Better Than A Flu Shot? 20 Foods For Winter Immunity

NBC News – This winter could shape up to be a gnarly one if weather predictions play out, potentially ushering in a ghastly cold and flu season.

Getting a flu shot is critical in protecting your and (others’) health, [not everyone agrees; see below. – Ed.] but beyond that, you should also focus on building up your immune system. You can help do that by consuming healthy foods that tout immunity-boosting agents.

PREVIOUSLY: Is a flu shot really “critical in protecting your health”? 

“While there is no one miracle food that will miraculously cure a cold or ward off cancer, there are foods that you can eat every day to keep yourself healthy and ready to fight off any infections that may come your way,” says Catherine Brennan, RD.

Here’s what registered dietitians recommend:


“Usually associated with their high-fiber content, this is also what makes [beans] good prebiotic foods. Prebiotics feed the good bacteria in the gut, and the gut is actually where most of the immune function in the body is mediated,” says Dr. Keith Ayoob, RD, nutritionist and associate clinical professor at the Albert Einstein College of Medicine.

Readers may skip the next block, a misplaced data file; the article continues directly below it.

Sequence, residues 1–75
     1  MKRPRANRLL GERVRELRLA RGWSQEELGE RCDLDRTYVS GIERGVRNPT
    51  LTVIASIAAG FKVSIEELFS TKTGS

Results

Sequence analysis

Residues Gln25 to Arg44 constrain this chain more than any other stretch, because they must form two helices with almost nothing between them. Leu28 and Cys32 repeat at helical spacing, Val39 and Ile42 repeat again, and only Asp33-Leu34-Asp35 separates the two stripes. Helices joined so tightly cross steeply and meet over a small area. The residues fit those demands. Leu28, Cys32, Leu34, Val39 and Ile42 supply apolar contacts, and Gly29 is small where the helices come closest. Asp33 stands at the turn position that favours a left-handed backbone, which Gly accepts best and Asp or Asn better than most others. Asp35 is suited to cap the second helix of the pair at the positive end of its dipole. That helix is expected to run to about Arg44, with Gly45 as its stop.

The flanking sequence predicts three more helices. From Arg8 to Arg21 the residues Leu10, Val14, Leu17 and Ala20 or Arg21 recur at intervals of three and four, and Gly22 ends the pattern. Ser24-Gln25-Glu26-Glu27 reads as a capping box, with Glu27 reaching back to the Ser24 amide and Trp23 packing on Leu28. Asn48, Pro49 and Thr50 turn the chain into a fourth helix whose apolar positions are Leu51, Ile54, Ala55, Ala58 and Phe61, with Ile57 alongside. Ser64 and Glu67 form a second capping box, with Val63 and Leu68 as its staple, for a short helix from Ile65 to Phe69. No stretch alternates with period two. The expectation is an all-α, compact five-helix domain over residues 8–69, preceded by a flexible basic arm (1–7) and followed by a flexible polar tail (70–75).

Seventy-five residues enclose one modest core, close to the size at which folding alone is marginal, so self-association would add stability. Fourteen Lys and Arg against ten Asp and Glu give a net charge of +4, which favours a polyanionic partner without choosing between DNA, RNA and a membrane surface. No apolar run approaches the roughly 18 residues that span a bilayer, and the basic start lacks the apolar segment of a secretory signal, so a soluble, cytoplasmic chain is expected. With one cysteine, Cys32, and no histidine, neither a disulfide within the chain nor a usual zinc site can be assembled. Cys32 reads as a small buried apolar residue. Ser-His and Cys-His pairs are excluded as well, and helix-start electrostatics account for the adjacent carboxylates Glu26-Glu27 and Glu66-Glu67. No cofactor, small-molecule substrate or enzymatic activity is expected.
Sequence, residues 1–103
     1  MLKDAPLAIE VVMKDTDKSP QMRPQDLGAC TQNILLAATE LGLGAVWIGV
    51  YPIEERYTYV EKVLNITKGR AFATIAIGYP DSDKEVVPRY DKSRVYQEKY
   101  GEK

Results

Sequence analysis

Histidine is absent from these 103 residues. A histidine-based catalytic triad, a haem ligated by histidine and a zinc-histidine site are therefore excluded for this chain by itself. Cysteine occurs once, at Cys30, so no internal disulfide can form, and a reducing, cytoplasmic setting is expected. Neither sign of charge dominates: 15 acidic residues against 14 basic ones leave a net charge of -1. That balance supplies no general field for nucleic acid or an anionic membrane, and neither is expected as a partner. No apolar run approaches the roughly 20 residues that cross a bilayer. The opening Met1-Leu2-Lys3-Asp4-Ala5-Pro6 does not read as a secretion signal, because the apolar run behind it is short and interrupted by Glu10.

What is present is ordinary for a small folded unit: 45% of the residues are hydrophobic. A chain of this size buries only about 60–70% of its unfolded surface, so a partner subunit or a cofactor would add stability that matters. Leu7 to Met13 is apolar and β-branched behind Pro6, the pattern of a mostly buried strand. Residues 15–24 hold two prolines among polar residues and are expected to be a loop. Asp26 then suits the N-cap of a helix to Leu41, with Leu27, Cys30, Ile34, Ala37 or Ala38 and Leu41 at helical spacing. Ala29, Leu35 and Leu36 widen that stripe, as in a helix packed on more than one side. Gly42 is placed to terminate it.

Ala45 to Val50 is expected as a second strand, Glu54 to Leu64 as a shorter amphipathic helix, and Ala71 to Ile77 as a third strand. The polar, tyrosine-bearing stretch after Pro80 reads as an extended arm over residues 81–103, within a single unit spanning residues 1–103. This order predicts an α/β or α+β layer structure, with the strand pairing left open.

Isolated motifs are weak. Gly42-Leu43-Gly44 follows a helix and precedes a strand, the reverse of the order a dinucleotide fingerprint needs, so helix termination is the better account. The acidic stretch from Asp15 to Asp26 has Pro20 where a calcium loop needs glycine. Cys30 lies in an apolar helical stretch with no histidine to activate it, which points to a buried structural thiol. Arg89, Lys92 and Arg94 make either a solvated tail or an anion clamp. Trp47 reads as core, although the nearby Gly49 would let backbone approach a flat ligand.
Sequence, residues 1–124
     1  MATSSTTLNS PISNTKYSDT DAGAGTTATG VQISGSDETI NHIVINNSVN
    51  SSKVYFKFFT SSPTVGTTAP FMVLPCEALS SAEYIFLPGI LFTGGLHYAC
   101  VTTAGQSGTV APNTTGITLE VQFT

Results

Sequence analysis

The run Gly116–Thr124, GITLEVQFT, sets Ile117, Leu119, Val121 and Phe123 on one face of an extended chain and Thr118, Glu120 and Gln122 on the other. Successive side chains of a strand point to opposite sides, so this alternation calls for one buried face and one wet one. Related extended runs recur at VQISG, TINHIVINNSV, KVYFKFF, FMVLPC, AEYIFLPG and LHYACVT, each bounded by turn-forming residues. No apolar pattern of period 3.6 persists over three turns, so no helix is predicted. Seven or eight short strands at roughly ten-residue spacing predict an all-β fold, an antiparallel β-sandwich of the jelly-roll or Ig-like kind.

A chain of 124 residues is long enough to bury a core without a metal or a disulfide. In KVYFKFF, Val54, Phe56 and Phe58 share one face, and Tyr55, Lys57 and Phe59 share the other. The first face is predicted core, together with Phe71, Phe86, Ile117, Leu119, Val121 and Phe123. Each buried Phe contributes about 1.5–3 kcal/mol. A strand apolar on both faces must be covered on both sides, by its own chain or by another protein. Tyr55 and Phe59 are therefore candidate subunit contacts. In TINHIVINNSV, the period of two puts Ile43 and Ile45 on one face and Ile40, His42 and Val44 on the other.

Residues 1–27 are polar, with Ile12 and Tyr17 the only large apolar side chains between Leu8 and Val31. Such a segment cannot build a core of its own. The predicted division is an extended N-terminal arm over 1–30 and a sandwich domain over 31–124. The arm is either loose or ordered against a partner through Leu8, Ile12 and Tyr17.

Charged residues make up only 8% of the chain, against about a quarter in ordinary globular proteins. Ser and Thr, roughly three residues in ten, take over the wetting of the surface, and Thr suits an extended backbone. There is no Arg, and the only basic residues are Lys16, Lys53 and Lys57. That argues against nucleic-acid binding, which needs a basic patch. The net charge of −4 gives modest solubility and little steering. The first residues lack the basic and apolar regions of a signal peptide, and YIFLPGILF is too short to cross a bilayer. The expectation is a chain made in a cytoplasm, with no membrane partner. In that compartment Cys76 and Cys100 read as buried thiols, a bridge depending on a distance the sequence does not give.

“Berries are packed with antioxidants — key for our immune health because they help the body deal with inflammation or invaders, such as bacteria and viruses,” says Ashley Reaver, RD. “They are also high in soluble fiber and lower in sugar than other fruits, which can help keep inflammation at bay.”


“Buffalo meat is high in zinc, which is important in increasing white blood cells to fight off infections,” says Kerry Clifford, RD and spokesperson at Fresh Thyme Farmers Market, adding that bison is “packed with protein, iron and Vitamin B12, too.”


Speaking of zinc, oysters have more of the mineral than any other food, says Samantha Cassetty, RD, NBC News BETTER’s nutrition columnist. Cassetty adds that since most of us don’t eat oysters every day (if ever), you can also get zinc from other seafood, like shrimp or crab.


“Dark chocolate is high in antioxidants — flavonoids in particular,” says Reaver. “Like other antioxidants, flavonoids help to reduce the impacts of inflammation, which can tax the immune system.” Get the full list at NBC News. 


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